These fudgy avocado brownies are actually good for you. So easy to make, they're gluten free, and guilt-free!
Ever since I made black bean brownies that actually taste good, I've been terribly curious about the possibility of avocado brownies about which I could say the same. Good news! I've hit avocado paydirt.
Whether you love avocados, or just love brownies and think avocados taste terrible, these are a must-try. They taste nothing like avocados (thank you, cocoa powder!), but boast all the health benefits of them.
As it turns out, baking with avocados in place of butter cut back on saturated fat—and adds 20 vitamins, minerals and nutrients (source). Look, it's not like I'm advocating ditching butter altogether. I love the stuff.
But if we can save ourselves some bad stuff, pick up some good stuff, and have our brownies still taste heavenly, then why not give it a shot?
When I was developing this recipe, I began with my recipe for flourless brownies. Naturally, then, I tried making them flourless at first.
I ended up with something that looked like a brownie from overhead, but from the side resembled, well, Jello. You simply need some flour (just 1/4 cup!) in these avo brownies. I haven't tried using one of my gum-containing all purpose gluten free flours, but it's worth a shot if you're so-inclined.
You can certainly use refined granulated sugar in place of lower-glycemic, nutrient-containing coconut palm sugar. But since I was removing saturated fat, I didn't want to use refined sugar.
The resulting brownies are truly fudgy, delightfully rich but not at all heavy. I don't provide nutritional facts for my recipes, but if you were to plug these into an online nutrition calculator and compare them to a traditional sort of gf brownie, I think you'd be pleased.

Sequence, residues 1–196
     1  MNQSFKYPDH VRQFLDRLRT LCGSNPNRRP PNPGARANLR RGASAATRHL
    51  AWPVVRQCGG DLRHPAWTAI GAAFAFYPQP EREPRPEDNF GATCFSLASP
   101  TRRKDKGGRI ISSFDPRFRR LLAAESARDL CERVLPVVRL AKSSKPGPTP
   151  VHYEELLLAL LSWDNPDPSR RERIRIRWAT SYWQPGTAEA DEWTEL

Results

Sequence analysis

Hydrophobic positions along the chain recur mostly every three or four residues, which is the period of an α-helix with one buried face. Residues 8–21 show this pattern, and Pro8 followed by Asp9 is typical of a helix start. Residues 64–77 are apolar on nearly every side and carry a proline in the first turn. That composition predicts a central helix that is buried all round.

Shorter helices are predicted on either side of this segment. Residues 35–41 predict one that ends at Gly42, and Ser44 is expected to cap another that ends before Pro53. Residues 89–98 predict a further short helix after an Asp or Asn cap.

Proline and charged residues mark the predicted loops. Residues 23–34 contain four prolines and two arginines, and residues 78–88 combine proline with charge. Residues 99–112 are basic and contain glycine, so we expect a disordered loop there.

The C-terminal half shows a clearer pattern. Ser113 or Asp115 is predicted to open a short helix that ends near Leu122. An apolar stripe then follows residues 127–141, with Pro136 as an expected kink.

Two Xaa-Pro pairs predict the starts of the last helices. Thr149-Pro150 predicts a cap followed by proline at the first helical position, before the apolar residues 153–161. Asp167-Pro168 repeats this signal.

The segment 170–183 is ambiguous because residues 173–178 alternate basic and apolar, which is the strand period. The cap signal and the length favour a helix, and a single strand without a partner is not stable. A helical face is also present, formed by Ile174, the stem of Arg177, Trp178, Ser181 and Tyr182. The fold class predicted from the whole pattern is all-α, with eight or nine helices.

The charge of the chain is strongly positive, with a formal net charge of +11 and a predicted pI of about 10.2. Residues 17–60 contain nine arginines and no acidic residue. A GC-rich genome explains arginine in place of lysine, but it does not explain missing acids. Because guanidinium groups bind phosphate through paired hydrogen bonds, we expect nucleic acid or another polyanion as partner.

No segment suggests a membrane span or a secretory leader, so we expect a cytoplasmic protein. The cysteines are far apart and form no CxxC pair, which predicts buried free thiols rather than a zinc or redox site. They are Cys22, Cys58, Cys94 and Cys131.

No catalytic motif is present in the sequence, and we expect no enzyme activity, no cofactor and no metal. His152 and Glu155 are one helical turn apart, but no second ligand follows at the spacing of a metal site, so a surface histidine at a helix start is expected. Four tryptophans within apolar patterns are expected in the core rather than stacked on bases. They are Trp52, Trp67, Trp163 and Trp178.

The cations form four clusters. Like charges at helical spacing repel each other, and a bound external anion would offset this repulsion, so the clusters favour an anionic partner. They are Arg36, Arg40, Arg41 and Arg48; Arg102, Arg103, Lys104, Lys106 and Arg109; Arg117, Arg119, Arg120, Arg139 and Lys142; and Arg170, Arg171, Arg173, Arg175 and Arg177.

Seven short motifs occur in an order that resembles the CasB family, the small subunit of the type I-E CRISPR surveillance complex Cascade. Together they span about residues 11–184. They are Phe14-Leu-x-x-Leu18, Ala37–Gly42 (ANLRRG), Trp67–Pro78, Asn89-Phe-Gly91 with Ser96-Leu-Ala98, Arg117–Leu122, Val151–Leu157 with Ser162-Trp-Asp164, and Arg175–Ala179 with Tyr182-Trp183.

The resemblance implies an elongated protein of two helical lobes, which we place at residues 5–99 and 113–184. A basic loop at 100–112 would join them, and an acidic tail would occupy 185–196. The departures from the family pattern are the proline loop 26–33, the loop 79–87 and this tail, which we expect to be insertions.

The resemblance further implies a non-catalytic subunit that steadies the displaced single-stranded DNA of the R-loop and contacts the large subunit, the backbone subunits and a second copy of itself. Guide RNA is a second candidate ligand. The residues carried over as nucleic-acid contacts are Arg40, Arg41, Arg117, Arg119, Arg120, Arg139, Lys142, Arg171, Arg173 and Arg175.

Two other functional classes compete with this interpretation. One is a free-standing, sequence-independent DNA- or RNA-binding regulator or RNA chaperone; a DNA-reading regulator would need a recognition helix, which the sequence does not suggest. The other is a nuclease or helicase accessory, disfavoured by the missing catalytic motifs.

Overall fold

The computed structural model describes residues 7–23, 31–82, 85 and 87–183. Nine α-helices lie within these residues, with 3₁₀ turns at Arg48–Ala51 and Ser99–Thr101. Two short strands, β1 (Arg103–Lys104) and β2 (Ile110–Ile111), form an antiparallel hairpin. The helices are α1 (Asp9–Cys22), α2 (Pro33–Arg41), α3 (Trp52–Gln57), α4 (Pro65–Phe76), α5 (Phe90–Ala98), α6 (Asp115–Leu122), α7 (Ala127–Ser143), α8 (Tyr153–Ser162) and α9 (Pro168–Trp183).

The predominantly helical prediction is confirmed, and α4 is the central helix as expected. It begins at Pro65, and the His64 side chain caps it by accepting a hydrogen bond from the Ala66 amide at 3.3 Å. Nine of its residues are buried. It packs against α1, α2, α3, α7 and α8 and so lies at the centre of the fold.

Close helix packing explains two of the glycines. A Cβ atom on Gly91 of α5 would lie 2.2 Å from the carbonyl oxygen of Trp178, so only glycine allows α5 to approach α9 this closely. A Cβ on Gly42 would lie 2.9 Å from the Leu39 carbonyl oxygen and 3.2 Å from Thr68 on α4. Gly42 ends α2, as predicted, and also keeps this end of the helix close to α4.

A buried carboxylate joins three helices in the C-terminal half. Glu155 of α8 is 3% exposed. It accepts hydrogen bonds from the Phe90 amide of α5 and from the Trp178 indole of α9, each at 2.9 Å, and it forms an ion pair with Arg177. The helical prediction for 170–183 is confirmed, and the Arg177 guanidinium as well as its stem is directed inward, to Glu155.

I love avocados, but my oldest child does not. I'm happy to report that she gave these avocado brownies an enthusiastic thumbs up, with no trace of avo taste. Baking with chocolate has its benefits!
Oh, and if you're interested in the drizzle on top of the brownies, it's just about a tablespoon of mashed avocado, plus a bit of milk, mixed with confectioners' sugar. Definitely not healthy!
Gluten Free Avocado Brownies
1 large ripe avocado, pitted and peeled (7 ounces)
3 tablespoons (42 g) virgin coconut oil, melted
1 cup (160 g) coconut palm sugar (or 3/4 cup (150 g) granulated sugar)
3 eggs (150 g, weighed out of shell) at room temperature, beaten
1 teaspoon pure vanilla extract
1/2 cup + 2 tablespoons (50 g) unsweetened cocoa powder (natural or Dutch-processed)
1/4 teaspoon baking soda
1/4 teaspoon kosher salt
1/4 cup (35 g) basic gum-free gluten free flour (or an equal amount sweet white rice flour)
Preheat your oven to 350°F. Line an 8-inch square baking pan with parchment paper and set it aside.
In a blender or food processor, place the avocado flesh, coconut oil and sugar, and blend or process until smooth. In a large bowl, place the eggs, vanilla, and avocado mixture, and whisk to combine well. Add the cocoa powder, baking soda, salt and flour, mixing to combine after each addition. The mixture will be thick, soft and shiny.
Scrape the batter into the prepared pan and, using a wet spatula, spread into an even layer. Tap the bottom of the pan on the counter firmly to break any large air bubbles. Place the pan in the center of the preheated oven and bake until set in the center and a toothpick inserted comes out with a few moist crumbs attached, about 20 minutes. Do not overbake.